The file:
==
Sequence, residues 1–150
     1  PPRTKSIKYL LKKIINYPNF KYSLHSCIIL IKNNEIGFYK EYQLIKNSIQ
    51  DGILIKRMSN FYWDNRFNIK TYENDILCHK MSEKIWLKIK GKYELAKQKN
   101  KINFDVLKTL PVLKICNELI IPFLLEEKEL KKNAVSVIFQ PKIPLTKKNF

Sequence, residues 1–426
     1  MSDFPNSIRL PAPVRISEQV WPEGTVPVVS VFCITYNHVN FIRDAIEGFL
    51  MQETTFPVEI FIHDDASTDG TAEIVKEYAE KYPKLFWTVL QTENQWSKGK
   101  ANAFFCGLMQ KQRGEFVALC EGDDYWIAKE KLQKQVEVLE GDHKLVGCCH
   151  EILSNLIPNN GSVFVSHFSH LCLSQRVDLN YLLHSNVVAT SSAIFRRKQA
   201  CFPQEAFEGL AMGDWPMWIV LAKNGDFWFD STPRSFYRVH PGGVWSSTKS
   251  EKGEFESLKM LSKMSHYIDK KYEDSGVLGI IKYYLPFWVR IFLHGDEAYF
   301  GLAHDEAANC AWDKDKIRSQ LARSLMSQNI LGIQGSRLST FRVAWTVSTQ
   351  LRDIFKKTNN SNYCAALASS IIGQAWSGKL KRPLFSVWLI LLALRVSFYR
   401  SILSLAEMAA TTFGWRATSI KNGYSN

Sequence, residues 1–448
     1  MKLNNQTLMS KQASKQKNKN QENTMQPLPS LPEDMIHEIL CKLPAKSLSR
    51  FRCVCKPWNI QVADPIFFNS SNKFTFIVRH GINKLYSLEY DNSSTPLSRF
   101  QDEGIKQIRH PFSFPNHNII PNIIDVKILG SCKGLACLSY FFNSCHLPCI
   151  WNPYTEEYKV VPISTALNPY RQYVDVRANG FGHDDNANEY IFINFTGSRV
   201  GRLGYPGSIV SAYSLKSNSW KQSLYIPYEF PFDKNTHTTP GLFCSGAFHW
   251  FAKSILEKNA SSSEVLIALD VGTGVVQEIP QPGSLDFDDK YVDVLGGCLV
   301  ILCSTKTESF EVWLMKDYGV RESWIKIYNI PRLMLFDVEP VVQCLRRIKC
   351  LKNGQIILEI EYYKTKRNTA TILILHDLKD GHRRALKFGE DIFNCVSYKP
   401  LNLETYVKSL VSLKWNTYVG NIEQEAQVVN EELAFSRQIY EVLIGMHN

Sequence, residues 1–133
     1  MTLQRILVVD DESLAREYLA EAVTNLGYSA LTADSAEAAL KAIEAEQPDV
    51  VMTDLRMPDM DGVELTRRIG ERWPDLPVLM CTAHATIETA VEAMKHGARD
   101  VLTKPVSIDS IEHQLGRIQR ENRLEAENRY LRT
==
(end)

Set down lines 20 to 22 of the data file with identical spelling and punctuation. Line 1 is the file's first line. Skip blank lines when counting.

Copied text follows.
   201  GRLGYPGSIV SAYSLKSNSW KQSLYIPYEF PFDKNTHTTP GLFCSGAFHW
   251  FAKSILEKNA SSSEVLIALD VGTGVVQEIP QPGSLDFDDK YVDVLGGCLV
   301  ILCSTKTESF EVWLMKDYGV RESWIKIYNI PRLMLFDVEP VVQCLRRIKC